TACOMA — March 3 marks one year since Tacoma resident Manual Ellis died while in the custody of Tacoma police officers, and his family and supporters are not letting it pass without a public march and call for justice.
That was the message delivered by their attorney, church leaders, Tacoma’s mayor and community activists at a Thursday afternoon press conference.
“Manuel Ellis died in the hands of Tacoma police officers and foretold his imminent death with the same words spoken by George Floyd and before him, Eric Garner, and so many other nameless persons that we don’t know who said, ‘I can’t breathe,'” said the Rev. Leslie Braxton, pastor of New Beginnings Christian Fellowship.
The news conference at Shiloh Baptist Church on Tacoma’s Hilltop was called after the Washington State Attorney General’s Office said earlier this week that a decision about whether Tacoma police officers will face criminal charges for Ellis’s death is expected by April.
“We are in perpetual state of waiting,” Braxton said.
The State Patrol turned over its 2,169-page investigation in November.
Ellis’ death was ruled a homicide, with methamphetamine and heart disease listed as contributing factors.
All five Tacoma officers involved are on paid administrative leave until the Attorney General’s Office decides whether their actions were justified.
Braxton and other speakers all said they want justice for Ellis.
“Justice will make it clear that Manuel Ellis’ life mattered, not just to the family, but to the entire community,” he said. “Black Lives Matter.”
Attorney James Bible called Ellis’ death a lynching.
“We find ourselves in a place where we’re committed to continuing to demand that prosecution actually occur,” Bible said.
Ellis’ sister, Monet Carter-Mixon, called her brother respectful and a good man. She kept her statement short.
“I’m really tired of talking,” she said. “I really wish that the Attorney General will just make a decision.”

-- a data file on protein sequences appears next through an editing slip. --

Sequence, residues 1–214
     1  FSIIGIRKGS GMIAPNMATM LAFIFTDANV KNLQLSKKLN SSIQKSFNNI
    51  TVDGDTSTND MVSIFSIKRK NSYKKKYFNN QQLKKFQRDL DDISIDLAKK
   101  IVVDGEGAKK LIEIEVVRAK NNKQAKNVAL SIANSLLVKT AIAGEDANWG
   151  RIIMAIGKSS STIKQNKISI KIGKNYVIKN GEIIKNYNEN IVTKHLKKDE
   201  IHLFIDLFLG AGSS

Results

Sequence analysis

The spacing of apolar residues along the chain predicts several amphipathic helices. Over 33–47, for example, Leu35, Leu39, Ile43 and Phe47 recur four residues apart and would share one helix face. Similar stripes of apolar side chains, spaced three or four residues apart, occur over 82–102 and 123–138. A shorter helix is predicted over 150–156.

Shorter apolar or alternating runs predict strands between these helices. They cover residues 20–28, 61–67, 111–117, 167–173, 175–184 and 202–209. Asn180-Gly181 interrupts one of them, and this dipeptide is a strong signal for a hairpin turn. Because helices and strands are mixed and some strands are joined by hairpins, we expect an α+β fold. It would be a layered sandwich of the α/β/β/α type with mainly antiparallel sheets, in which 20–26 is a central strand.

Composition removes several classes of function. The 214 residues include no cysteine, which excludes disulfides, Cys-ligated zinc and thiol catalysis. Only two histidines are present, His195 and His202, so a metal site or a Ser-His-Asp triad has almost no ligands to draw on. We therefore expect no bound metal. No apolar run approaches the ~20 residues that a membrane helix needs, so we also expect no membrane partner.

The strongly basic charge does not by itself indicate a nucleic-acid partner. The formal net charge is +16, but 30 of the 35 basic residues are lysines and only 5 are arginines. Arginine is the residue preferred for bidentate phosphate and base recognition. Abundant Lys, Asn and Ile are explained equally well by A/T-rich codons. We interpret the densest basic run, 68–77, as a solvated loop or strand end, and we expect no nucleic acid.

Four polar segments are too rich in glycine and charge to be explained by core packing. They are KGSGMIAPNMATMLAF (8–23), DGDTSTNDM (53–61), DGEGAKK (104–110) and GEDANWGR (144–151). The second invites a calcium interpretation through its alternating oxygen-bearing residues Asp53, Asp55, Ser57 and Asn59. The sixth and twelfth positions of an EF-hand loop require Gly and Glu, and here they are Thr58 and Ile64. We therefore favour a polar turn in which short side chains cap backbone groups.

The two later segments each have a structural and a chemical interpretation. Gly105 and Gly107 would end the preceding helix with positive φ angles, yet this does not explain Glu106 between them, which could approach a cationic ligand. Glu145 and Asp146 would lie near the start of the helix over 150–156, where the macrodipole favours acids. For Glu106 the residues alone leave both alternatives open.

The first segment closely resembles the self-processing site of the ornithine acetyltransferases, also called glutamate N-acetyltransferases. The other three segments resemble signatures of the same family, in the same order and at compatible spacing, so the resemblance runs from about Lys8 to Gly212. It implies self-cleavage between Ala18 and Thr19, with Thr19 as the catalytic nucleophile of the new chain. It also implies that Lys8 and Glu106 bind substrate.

She then introduced a video of Ellis playing drums at a church choir rehearsal.
Jamika Scott of the Tacoma Action Collective called for charges to be filed against the involved officers. She also demanded that Pierce County Sheriff Ed Troyer be removed from office. Bible echoed those demands.
Officers who restrained Ellis are Christopher Burbank, 34; Matthew Collins, 37; Masyih Ford, 28; Timothy Rankine, 31; and Armando Farinas, 26. A Pierce County sheriff’s employee, Lt. Gary Sanders, also held Ellis’ leg as he was hobbled.
Tacoma mayor Victoria Woodards said she stood in solidarity with those present Thursday.
“This family has been waiting too long,” Woodards said. “First, at the hands of the Pierce County Sheriff’s Department and now at the state level,” Woodards said. “This family can’t move forward until we have justice. This family can’t even begin to grieve until they know what happened that tragic night.”
A silent march for Ellis will be held Sunday, Braxton announced. The event begins at 4 p.m. at South 23rd Street and MLK Jr. Way and will march to People’s Park. Organizers are asking marchers to dress in white clothing.